“The distinction between these parts of the being is unknown. Even in India the old knowledge of the Upanishads in which they are distinguished has been lost. The Jivatman, the psychic being (Purusha Antaratman), the Manomaya Purusha, the Pranmaya Purusha are all confused together.

  “The psychic part of us is something that comes direct from the Divine and is in touch with the Divine. In its origin it is the nucleus pregnant with the divine possibilities that supports this lower triple manifestation of mind, life and body.

  “There is this divine element in all living beings, but it stands hidden behind the ordinary consciousness, is not at first developed and, even when developed, is not always or often in the front; it expresses itself, so far as the imperfection of the instruments allows, by their mean and under their limitations. It grows in the consciousness by Godward experience, gaining strength every time there is a higher movement in us, and, finally, by the accumulation of these deeper and higher movements, there is developed a psychic individuality, – that which we call usually the psychic being. It is always this psychic being that is the real, though often the secret cause of man’s turning to the spiritual life and his greatest help in it. It is therefore that which we have to bring from behind to the front in the Yoga…..

  “The psychic being may be described in Indian language as the Purusha in the heart or the Chaitya Purusha, but the inner or secret heart must be understood, hrdaye  guhayam, not the outer vital-emotional centre.”

  The Mother in answer to the question:   “Are the soul and the psychic being one and the same thing” says thus: “This depends on the definition you give to the words. In most religions, and perhaps in most philosophies also, it is the vital being which is called “soul”, for it is said that “the soul leaves the body”, while it is the vital being which leaves the body. One speaks of “saving the soul”… but all that applies to the vital being, for the psychic being has no need to be saved! It does not share the faults of the external person; it is free from all reaction.”

  Sri Aurobindo says:   “At a certain stage in the Yoga when the mind is sufficiently quieted and no longer supports itself at every step on the sufficiency of its mental certitude, when the vital has been steadied and subdued and is no longer constantly insistent on its own rash will, demand and desire, when the physical has been sufficiently altered not to bury altogether the inner flame under the mass of its outward ness, obscurity or inertia, an inmost being hidden within and felt only in its rare influences is able to come forward and illumine the rest and take up the lead of the Sadhana Its action is like a searchlight showing up all that has to be changed in the nature; it has in it a flame of will insistent on perfection, on an alchemic transmutation of all the inner and outer existence. It sees the divine essence everywhere but rejects the mere mask and the disguising figure.”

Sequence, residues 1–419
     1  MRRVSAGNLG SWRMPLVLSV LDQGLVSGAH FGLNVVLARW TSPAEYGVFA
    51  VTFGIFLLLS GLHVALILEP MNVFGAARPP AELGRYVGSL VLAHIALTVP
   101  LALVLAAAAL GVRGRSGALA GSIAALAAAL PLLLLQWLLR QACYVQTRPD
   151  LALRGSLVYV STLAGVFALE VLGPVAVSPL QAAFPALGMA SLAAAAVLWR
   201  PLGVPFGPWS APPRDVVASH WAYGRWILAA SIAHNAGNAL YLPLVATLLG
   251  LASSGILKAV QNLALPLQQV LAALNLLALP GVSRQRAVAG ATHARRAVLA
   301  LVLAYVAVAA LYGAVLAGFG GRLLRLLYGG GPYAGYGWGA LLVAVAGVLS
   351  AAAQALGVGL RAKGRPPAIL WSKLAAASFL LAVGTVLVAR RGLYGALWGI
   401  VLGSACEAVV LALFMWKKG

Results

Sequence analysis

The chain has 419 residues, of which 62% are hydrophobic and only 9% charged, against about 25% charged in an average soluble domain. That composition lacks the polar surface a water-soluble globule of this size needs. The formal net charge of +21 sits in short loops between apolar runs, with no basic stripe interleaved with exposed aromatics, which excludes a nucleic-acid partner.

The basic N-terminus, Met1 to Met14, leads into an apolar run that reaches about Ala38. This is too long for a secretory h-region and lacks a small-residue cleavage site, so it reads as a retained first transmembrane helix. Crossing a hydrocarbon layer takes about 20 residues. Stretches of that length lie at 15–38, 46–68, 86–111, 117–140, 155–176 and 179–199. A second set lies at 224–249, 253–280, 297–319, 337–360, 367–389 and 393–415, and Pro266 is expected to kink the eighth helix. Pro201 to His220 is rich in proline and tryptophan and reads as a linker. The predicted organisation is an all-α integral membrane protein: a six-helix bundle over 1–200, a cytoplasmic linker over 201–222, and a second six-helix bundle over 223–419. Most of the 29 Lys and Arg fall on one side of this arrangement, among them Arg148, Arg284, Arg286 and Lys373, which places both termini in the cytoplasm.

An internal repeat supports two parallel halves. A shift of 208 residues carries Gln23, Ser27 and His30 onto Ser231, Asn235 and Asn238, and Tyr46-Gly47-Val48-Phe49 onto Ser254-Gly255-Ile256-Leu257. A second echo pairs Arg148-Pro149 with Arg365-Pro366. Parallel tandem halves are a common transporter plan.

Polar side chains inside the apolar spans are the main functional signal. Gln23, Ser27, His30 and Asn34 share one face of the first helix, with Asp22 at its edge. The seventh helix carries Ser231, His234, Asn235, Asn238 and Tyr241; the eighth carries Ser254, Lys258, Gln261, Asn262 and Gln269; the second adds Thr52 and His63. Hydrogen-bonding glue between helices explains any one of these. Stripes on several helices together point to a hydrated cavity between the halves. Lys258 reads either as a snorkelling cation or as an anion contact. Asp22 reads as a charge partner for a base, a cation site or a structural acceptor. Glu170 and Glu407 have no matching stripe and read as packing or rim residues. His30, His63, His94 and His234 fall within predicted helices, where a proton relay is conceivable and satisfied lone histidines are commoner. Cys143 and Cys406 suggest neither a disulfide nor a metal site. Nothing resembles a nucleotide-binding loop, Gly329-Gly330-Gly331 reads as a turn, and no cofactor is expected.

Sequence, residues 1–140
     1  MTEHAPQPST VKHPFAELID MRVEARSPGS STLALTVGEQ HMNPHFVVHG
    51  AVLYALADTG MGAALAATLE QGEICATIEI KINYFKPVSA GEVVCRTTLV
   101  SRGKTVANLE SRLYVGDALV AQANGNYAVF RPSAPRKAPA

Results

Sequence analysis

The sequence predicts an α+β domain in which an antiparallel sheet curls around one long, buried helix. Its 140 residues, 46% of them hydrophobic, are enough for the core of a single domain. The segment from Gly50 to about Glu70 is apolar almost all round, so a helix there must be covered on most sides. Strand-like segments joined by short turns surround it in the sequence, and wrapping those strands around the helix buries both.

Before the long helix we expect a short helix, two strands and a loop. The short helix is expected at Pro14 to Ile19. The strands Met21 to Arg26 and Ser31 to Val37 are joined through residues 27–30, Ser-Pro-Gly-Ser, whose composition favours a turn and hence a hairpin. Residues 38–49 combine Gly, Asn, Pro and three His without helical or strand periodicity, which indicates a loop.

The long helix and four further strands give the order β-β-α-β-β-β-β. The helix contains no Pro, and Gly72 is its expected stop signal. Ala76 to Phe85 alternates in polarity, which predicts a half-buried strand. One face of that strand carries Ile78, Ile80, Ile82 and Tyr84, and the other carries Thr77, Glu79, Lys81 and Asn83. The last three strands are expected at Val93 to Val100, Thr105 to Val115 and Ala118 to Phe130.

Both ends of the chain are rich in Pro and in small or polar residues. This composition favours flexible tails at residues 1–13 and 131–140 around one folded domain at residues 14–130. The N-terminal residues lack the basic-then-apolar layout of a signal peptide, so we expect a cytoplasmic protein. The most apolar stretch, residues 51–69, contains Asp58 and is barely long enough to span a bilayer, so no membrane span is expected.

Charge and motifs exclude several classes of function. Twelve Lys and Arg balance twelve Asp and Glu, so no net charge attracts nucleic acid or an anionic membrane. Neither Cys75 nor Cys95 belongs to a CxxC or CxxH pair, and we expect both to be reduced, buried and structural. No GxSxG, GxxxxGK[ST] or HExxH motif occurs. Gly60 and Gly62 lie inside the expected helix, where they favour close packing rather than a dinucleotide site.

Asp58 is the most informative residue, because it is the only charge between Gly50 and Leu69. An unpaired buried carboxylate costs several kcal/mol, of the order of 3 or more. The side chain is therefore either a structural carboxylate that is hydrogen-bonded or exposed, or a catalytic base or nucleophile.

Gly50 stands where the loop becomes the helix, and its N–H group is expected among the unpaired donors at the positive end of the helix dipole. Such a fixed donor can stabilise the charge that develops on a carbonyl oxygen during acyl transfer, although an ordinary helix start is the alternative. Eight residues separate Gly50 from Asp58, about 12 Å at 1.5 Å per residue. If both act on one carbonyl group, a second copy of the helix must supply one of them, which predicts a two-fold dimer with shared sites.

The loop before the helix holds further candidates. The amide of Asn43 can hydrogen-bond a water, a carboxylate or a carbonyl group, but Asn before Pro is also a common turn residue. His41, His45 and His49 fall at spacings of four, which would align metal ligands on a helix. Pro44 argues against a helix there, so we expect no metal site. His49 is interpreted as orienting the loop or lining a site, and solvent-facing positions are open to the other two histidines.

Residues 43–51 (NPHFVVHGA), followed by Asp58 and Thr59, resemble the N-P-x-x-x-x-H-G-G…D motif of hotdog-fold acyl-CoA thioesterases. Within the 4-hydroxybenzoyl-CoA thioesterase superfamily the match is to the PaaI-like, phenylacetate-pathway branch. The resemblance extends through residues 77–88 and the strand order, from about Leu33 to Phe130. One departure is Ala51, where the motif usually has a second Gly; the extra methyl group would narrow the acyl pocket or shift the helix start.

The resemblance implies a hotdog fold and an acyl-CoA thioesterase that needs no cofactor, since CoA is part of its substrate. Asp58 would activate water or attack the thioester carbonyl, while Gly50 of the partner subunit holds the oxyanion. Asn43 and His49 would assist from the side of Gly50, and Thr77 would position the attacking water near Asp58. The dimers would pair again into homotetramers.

He further says: “What is meant by (the psychic’s) coming to the front is simply this. The psychic ordinarily is deep within. Very few people are aware of their souls – when they speak of their soul, they usually mean the vital + mental being or else the (false) soul of desire.

  “The psychic remains behind and acts only through the mind, vital and physical wherever it can. For this reason the psychic being except where it is very much developed has only a small and partial, concealed and mixed or diluted influence on the life of most men. By coming forward is meant that it comes from behind the veil, its presence is felt already in the waking daily consciousness, its influence fills, dominates, transforms the mind and vital and their movements, even the physical. One is aware of one’s soul, feels the psychic to be one’s true being, the mind and the rest begin to be only instruments of the inmost within us.”

  The Mother says:  “In the ordinary life there’s not one person in a million who has a conscious contact with his psychic being, even momentarily. The psychic being may work within, but so invisibly and unconsciously for the outer being that it is as though it did not exist. And in most cases, the immense majority, almost the totality of cases, it is as though it were asleep. Not at all active, (it is) in a kind of torpor.

  “It is only with the sadhana and a very persistent effort that one succeeds in having a conscious contact with his psychic being. Naturally, it is possible that there are exceptional cases – but this is truly exceptional, and they are so few that they could be counted – where the psychic being is an entirely formed, liberated being, master of itself, which has chosen to return to earth in a human body in order to do its work. …